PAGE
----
Mike: We're considering taking our daughter trick or treating. The downside is that in the neighborhood we live in, we'd probably get tofu snacks and fruit leather. On the upside, babies seem to be adorable candy magnets.
Tom: I've seen pictures of my older niece dressed up for her first two Halloweens. I've been tempted to throw candy at the computer both times to compensate her for her adorableness.
Mike: Strange and mystical powers, children have. Back to the commercial: What is it with composite people? This is the second composite person commercial we've featured. Do you have some kind of body horror issue?
Tom: I don't think this is really a composite person, just one kid sitting on another kid's shoulders. Maybe standing. That's actually something like a trope, though I doubt it's on That Evil Time-Sink (Don't click through, trust me.). The Prius composite person thing was on a whole different level.
Mike: More the World's Most Giant Doctor than anything else, then.
Tom: Ah, well.
Mike: At least that supermarket is giant-accessible!
Tom: We haven't mentioned the creepiest part of this commercial: the way the giant woman caresses Mrs. Jensen's face when talking about how the neighborhood kids love Snickers.
Mike: Well, clearly there's a Stacey's Mom situation going on with the kid on top.
Tom: That's not really the vibe I got, maybe because I'm just overwhelmed by the creepiness.
Mike: It is pretty darn creepy. But really, what else could it be? It's not like neighbors casually caress each others' faces when discussing Halloween plans.
Tom: Maybe revenge for some kind of parental touchiness.
Mike: This commercial interlude is going to a very dark place I think we have to extricate ourselves from. This site could not withstand an attack from a portion of the internet roughly the size of Ireland.
Tom: Yes, we probably should. Buy Snickers, as the neighbor kids love Snickers. And don't put razor blades in them.
Mike: And if you ever see Julia Child in the supermarket, run! Because she is dead, and something has gone horribly wrong.
KICKER: Josh Brown decided to emulate his Rams teammates Sunday at Green Bay and just be overmatched by the Packers. One field goal made, one missed, and 1 point for low honors this week.
WIDE RECEIVER: Davone Bess was one of the Dolphins who had a miserable time Monday night, netting 0 points after a fumble to go with his 21 yards receiving. The Victor Cruz bandwagon also had the emergency brake thrown on it as Mario Manningham's strong game left him with 12 yards receiving and 1 point.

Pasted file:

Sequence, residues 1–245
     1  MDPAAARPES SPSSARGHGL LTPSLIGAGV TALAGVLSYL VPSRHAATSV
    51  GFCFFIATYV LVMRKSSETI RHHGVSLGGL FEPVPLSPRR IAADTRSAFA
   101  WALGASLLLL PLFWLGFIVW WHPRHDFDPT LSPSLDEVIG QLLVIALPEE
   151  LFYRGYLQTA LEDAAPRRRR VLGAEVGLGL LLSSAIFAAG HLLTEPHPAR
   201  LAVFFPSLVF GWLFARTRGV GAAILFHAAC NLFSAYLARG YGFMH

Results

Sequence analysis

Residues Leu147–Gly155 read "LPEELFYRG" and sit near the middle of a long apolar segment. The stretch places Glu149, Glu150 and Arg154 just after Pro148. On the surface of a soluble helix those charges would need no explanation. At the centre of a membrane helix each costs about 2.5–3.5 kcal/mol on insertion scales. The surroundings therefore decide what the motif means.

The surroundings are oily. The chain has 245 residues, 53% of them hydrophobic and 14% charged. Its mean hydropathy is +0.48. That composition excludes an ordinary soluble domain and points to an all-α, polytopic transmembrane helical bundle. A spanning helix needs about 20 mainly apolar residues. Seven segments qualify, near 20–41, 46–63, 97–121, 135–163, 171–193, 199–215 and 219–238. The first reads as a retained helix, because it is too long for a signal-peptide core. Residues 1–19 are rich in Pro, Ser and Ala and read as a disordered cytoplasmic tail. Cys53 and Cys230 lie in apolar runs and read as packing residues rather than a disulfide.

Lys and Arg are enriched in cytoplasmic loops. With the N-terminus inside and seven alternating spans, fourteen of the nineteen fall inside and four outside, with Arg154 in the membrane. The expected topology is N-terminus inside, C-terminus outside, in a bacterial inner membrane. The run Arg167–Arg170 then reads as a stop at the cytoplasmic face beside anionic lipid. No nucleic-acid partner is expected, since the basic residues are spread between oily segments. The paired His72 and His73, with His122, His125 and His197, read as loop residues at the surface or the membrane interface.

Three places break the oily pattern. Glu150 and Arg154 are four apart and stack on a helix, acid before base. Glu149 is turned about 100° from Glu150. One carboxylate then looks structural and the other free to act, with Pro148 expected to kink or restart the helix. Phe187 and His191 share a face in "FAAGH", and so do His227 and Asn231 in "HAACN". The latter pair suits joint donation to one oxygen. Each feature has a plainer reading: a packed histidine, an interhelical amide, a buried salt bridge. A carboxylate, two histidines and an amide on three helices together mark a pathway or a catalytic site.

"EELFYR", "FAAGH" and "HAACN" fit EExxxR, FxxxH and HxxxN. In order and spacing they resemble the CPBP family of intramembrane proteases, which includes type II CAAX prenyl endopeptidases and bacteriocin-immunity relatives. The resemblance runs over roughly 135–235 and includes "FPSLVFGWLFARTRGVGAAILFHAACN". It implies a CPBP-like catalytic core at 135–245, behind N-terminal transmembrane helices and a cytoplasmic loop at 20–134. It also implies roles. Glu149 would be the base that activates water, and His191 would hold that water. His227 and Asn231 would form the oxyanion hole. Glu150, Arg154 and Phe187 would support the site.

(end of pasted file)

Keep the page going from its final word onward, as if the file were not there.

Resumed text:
RUNNING BACK: Felix Jones, Michael Bush, Bernard Scott, and Ryan Torain each had 2 points. Mike started Torain! Pity him.
KEEP CHOPPING WOOD: Was Pierre Garcon really trying to lateral the ball while being tackled late in Sunday's game against the Bengals? It certainly appeared that way.
MIKE MARTZ AWARD: Up 14 points in the fourth quarter with less than five minutes to play, Oakland Raiders head coach Hue Jackson elected to bypass the near-automatic field goal in favor of going for it. Michael Bush was stuffed, the Browns took the ball over on downs, and ended up with possession in Raiders territory in the last minute with a chance to either tie the game or take the lead with a two-point conversion. There are times to go for it, and times to take the points. Jackson should have taken the points there.
COLBERT AWARD: Hue Jackson, though, is not just unafraid to go for it when it's strategically unwise. He's also unafraid to go for it at unconventional times when football analysts say you should be unafraid to go for it. One of those moments came Sunday, with the Raiders holding a 14-7 lead with 3:26 to play in the second quarter at their own 34-yard line. Kyle Boller converted the quarterback sneak, and the drive continued. Though the Raiders didn't get another first down that drive and punted away, we still award Jackson's boldness.
bill: Scoring rules: 10 yards rush/rec 1 pt and .2 of a pt per rec. 6 pts for Tds. Would you trade Calvin Johnson for either Ray Rice or LeSean McCoy? I have Arian Foster and Steven Jackson at RB right now with Megatron, Jeremy Maclin, Dez Bryant, and Santana Moss at WR and Aaron Hernandez at TE. I start 2 WR 2 RB and 1 WR/RB. I think Megatron could cool off some. Right now Calvin has 117 pts, Rice 98 pts, and McCoy 121 pts. I know McCoy is on bye this week (week 7). I know I weaken my WRs but three good RBs would be nice. I could trade SJAX if need be for WR. Thanks.
Mike: Honestly? No. Detroit has a pretty easy slate of defenses considering how good Stafford-to-Megatron has become. While Rice may be slightly favored in your league's pro-RB scoring, as you just pointed out, Johnson is still ahead of him.
Tom: The key to Johnson is he's getting consistent productivity at wideout. That's why lead backs are so valued in fantasy, because they're extraordinarily unlikely to screw you over in any given week. You trade Calvin Johnson to pick up a running back if you have four good wideouts and one good running back. I don't think that's the situation you're in.